A liar begins with making falsehood appear like truth, and ends with making truth itself appear like falsehood.
The proper means of increasing the love we bear our native country is to reside some time in a foreign one.
Virtues, like essences, lose their fragrance when exposed.
The weak and insipid white wine makes at length excellent vinegar.
A fool and his words are soon parted.
Men are sometimes accused of pride, merely because their accusers would be proud themselves were they in their places.
Health is beauty, and the most perfect health is the most perfect beauty.
Deference is the most complicate, the most indirect, and the most elegant of all compliments.
To one who said, "I do not believe that there is an honest man in the world," another replied, "It is impossible that any one man should know all the world, but quite possible that one may know himself."
A miser grows rich by seeming poor. An extravagant man grows poor by seeming rich.
Long sentences in a short composition are like large rooms in a little house.
Laws are generally found to be nets of such a texture, as the little creep through, the great break through, and the middle-sized are alone entangled in it.
Love can be founded upon Nature only.
Independence may be found in comparative as well as in absolute abundance; I mean where a person contracts his desires within the limits of his fortune.
I have been formerly so silly as to hope that every servant I had might be made a friend; I am now convinced that the nature of servitude generally bears a contrary tendency. People's characters are to be chiefly collected from their education and place in life; birth itself does but little.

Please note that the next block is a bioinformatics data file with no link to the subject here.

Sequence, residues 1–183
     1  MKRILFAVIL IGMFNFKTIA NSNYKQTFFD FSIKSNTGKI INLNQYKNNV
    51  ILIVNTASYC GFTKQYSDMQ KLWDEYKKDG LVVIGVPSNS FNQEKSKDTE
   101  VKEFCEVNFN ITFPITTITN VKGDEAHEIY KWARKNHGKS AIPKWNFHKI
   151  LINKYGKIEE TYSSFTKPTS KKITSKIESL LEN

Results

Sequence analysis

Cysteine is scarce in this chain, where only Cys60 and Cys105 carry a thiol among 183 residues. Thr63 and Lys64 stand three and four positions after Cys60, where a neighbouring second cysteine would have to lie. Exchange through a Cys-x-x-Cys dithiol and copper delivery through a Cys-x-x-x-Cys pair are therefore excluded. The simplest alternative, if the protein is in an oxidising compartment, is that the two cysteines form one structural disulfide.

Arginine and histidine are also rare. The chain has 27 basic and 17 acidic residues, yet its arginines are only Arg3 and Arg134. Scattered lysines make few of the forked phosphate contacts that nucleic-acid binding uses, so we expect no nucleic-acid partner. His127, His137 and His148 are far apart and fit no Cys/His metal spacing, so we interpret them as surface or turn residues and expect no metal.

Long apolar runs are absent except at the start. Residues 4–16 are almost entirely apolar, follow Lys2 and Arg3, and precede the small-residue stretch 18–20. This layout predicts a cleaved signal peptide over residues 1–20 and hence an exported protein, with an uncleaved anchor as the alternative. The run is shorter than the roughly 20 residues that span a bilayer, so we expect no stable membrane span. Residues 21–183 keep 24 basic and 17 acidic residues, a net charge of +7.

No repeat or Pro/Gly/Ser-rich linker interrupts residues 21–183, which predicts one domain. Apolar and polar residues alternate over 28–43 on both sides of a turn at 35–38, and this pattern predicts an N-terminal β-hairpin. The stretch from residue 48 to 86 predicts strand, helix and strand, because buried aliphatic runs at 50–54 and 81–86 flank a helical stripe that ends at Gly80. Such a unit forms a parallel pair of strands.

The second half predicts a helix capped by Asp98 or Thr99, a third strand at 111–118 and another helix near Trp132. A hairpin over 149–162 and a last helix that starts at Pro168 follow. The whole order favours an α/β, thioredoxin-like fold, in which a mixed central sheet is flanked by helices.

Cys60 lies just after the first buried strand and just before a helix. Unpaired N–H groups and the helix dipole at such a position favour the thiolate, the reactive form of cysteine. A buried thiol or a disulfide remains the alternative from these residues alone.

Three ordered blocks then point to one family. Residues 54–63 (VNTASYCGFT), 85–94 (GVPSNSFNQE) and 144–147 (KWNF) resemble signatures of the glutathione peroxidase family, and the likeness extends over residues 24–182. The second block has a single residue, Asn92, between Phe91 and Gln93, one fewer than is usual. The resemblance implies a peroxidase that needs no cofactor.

Learning, like money, may be of so base a coin as to be utterly void of use; or, if sterling, may require good management to make it serve the purposes of sense or happiness.
Theirs is the present who can praise the past.
Nothing is sure in London, except expense.
Fools are very often united in the strictest intimacies, as the lighter kinds of woods are the most closely glued together.
A person that would secure to himself great deference will, perhaps, gain his point by silence as effectually as by anything he can say.
The eye must be easy, before it can be pleased.
To thee, fair Freedom! I retire From flattery, cards, and dice, and din: Nor art thou found in mansions higher Than the low cot, or humble inn.
Taste is pursued at a less expense than fashion.
The lines of poetry, the period of prose, and even the texts of Scripture most frequently recollected and quoted, are those which are felt to be preeminently musical.
Jealousy is the fear or apprehension of superiority: envy our uneasiness under it.
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